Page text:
NYT media columnist (and SLR contributing editor) Ben Smith asks his boss, NYT executive editor Dean Baquet, why the Times didn’t immediately write about a sexual assault allegation against Joe Biden. Baquet’s answers have triggered further questions and discussion.

➢ Politico: My Wild, Totally Surreal Experience Covering a Trump Coronavirus Briefing
➢ NPRBloomberg News Killed Investigation, Fired Reporter, Then Sought To Silence His Wife
➢ Deadline: Esteemed THR Lead Film Critic Todd McCarthy Writes About His Abrupt Firing
➢ The Wall Street Journal: The Cure for News Burnout [$]


   The Woman Who Is Remaking AMC
By Sophie Gilbert for The Atlantic
 (~10 minutes)

“As a curator of quality programming, (Sarah) Barnett has the impeccable credentials of being British, having been an art-history major, and having spent the first 12 years of her career working for the BBC in London,” Sophie Gilbert writes. She also orders tequila on the rocks, “explaining that straight alcohol gives her fewer hangovers.” What we’re saying is, we’d binge a Barnett biopic, if she ever runs out of other ideas. 

➢ ProPublica: The Hate Store: Amazon’s Self-Publishing Arm Is a Haven for White Supremacists 
➢ onEarth: As Sea Level Rise Threatens Their Ancestral Village, a Louisiana Tribe Fights to Stay Put

   My Mother Thinks Bill Gates Is Trying to Kill Us All
By Shannon Ashley for Honestly Yours
 (~10 minutes)

Poor Bill Gates. 


   My Body Is Not a Temple
By Soraya Roberts for Longreads
 (~10 minutes)

Back away from the bread starter.

➢ Town & Country: The Shocking and Violent Crime That Rocked Mount Holyoke


   Confederacy in the 'hood
By Deirdre Mask for 1843
 (~20 minutes)

One man’s quest to reform Hollywood, Florida. 

Last Week's Most Read

   The #SundayLR List: What to Stream: 40 of the Best Movies on Netflix Right Now
By Richard Brody for The New Yorker

   Inside the Strip Clubs of Instagram
By Taylor Lorenz for The New York Times

   'The impossible has already happened': what coronavirus can teach us about hope
By Rebecca Solnit for The Guardian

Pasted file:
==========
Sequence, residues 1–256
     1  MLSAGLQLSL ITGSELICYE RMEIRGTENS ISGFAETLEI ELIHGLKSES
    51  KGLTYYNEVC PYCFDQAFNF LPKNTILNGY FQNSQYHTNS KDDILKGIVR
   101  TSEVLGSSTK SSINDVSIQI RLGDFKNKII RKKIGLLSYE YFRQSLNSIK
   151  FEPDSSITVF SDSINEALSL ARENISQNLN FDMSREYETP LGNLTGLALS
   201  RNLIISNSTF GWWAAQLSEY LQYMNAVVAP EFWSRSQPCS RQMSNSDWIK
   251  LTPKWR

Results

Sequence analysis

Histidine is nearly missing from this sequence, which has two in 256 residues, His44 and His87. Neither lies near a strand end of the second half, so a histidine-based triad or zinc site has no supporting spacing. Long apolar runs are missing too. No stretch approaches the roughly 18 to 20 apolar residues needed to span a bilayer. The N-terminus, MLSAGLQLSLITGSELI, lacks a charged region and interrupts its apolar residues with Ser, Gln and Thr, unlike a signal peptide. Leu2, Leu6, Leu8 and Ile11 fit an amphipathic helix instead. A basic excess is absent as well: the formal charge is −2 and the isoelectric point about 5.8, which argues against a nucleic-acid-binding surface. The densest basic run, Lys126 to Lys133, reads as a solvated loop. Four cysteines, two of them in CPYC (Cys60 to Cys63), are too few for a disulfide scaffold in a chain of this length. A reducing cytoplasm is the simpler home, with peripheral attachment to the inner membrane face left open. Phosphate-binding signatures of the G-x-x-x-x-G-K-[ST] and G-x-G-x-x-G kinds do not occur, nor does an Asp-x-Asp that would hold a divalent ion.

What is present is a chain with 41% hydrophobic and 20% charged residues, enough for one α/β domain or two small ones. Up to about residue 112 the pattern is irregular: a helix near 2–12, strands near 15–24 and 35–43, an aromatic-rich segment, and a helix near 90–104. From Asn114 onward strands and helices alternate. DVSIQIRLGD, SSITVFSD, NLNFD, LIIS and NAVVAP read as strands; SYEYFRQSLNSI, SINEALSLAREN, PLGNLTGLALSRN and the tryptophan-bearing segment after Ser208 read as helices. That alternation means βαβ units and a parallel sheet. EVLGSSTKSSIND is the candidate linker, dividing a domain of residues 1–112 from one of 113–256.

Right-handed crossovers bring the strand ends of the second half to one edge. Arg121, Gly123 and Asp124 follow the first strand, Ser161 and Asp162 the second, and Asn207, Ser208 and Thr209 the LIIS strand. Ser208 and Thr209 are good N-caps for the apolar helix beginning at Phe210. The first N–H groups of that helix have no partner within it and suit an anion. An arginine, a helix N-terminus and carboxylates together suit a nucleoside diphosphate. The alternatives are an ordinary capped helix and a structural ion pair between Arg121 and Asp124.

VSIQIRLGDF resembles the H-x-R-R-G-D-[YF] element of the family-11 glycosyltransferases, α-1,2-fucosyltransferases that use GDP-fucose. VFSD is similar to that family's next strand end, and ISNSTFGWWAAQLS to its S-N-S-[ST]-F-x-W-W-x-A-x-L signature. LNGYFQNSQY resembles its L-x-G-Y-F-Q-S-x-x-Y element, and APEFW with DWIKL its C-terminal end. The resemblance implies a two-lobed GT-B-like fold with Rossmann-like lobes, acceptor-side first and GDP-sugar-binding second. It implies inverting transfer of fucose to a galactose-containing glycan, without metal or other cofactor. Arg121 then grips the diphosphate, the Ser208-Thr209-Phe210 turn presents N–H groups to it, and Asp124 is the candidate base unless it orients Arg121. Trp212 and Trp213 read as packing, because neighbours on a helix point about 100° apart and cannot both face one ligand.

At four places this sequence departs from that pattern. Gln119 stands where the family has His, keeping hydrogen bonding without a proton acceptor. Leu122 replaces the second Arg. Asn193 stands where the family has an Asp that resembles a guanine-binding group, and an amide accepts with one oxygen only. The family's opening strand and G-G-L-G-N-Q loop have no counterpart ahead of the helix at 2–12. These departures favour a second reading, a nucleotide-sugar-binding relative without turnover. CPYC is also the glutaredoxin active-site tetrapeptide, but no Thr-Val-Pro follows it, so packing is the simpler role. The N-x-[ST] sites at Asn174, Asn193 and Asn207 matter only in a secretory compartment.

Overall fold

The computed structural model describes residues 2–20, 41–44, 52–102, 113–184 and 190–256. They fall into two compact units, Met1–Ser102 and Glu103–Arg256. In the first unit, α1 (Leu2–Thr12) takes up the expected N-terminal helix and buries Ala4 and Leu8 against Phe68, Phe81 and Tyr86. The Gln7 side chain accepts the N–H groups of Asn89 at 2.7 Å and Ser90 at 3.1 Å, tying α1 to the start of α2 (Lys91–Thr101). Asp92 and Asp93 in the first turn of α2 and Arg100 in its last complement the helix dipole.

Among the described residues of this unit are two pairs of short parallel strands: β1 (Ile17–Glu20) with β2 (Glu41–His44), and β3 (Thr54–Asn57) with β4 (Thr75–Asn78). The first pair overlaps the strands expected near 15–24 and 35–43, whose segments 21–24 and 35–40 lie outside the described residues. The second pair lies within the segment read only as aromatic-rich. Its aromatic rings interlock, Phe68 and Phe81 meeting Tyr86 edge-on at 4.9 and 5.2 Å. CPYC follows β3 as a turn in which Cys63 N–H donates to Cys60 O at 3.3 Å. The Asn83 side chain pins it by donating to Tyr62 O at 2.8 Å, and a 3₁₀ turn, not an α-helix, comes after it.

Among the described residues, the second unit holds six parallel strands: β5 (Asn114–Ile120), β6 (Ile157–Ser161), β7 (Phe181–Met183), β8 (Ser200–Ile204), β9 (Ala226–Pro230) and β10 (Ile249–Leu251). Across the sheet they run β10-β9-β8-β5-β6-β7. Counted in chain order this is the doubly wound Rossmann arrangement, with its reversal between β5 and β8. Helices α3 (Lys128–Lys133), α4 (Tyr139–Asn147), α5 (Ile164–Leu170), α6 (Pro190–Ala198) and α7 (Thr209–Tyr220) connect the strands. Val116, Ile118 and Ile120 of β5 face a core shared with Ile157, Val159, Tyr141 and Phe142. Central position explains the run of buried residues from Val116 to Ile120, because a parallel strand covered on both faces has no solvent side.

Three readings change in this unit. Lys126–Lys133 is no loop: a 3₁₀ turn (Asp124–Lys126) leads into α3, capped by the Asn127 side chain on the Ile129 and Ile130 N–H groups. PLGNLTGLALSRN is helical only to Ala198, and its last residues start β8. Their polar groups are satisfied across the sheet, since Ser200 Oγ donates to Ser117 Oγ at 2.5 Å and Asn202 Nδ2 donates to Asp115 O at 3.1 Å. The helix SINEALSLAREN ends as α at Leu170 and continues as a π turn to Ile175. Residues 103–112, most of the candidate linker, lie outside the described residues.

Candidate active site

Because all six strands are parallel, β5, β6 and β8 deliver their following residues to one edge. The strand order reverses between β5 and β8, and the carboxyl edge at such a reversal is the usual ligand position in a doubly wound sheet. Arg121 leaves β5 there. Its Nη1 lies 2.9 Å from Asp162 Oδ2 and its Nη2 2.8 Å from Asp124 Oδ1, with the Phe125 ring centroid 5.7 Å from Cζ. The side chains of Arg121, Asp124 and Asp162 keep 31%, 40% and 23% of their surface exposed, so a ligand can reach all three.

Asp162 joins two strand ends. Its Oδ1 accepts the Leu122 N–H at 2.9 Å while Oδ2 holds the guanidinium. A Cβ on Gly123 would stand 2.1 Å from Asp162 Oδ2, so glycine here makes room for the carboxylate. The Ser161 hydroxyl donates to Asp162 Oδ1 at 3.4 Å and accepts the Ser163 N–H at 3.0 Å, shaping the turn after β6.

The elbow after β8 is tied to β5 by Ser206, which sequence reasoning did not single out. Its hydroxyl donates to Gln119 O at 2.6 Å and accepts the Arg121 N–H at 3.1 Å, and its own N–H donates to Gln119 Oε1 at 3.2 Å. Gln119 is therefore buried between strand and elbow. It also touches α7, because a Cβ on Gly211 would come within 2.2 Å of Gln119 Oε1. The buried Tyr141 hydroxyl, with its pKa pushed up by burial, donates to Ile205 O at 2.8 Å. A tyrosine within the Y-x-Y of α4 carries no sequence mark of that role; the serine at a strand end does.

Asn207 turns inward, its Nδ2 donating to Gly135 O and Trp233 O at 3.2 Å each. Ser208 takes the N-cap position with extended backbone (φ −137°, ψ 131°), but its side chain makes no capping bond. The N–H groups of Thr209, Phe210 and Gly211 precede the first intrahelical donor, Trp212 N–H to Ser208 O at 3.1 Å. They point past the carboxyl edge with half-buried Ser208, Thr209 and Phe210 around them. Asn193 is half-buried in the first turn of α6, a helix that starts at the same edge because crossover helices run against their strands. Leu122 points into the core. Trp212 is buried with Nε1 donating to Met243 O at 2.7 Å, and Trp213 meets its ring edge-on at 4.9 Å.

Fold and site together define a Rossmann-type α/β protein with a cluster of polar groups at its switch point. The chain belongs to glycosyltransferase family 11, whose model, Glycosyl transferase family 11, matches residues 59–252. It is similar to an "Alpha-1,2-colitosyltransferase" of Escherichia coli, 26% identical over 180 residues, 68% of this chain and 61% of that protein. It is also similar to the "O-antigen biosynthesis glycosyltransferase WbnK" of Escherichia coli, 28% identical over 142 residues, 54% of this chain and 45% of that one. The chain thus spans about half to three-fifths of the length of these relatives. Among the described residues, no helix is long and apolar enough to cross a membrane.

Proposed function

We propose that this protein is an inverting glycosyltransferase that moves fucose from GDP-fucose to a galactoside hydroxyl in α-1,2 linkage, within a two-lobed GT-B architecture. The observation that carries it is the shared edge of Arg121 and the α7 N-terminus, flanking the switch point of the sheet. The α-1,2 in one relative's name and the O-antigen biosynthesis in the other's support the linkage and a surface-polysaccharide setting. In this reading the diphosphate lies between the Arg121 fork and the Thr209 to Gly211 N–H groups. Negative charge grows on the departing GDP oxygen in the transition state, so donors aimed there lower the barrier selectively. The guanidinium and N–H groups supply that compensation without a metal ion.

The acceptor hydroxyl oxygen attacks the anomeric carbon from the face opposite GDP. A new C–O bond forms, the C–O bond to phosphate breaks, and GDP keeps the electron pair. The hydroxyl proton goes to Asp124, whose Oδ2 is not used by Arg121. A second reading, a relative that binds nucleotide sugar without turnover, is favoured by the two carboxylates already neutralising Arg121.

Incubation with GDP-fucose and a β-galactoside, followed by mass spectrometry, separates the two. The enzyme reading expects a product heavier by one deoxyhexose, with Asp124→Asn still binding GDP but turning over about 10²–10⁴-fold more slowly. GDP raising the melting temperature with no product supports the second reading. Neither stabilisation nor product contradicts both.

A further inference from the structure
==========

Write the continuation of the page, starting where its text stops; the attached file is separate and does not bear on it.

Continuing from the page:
Lede of the Week

   The Woman on the Bridge, by Sarah Weinman

On July 30, 1966, two days before she expected to be married, Estelle Evans received a letter from her lover. She was 22, fairly fresh to New York, sharing an apartment near Columbus Circle with her roommate, Laura (last name withheld for privacy reasons), and trying to earn some kind of coin as a model. Michael was nearly 34 and claimed to be a reporter investigating some secret government operation in war-torn Vietnam.

Quotation of the Week

   The Lawyer Whose Clients Didn’t Exist, by Francesca Mari

 “I didn’t give two shits about the criminal-justice system before this happened, but I am morally outraged by what I’ve learned.”

— Mikal Watts

The Classic Read
from Jack Shafer

   Up and Then Down (2008)
By Nick Paumgarten for The New Yorker
 (~35 minutes)

Everybody's elevator nightmare. Trapped. Nobody hears your screams. Time dilates as there is no watch or phone available to count the seconds, minutes, and hours. You've got to piss, so you piss. You pass the time by inspecting the contents of your wallet, noting the differences between an old $20 bill and a new one. You become delirious from dehydration and imagine quite rationally that you'll never be rescued. This disturbing feature by Nick Paumgarten about Nicholas White's urban nightmare makes your quarantine look like a stroll in a meadow.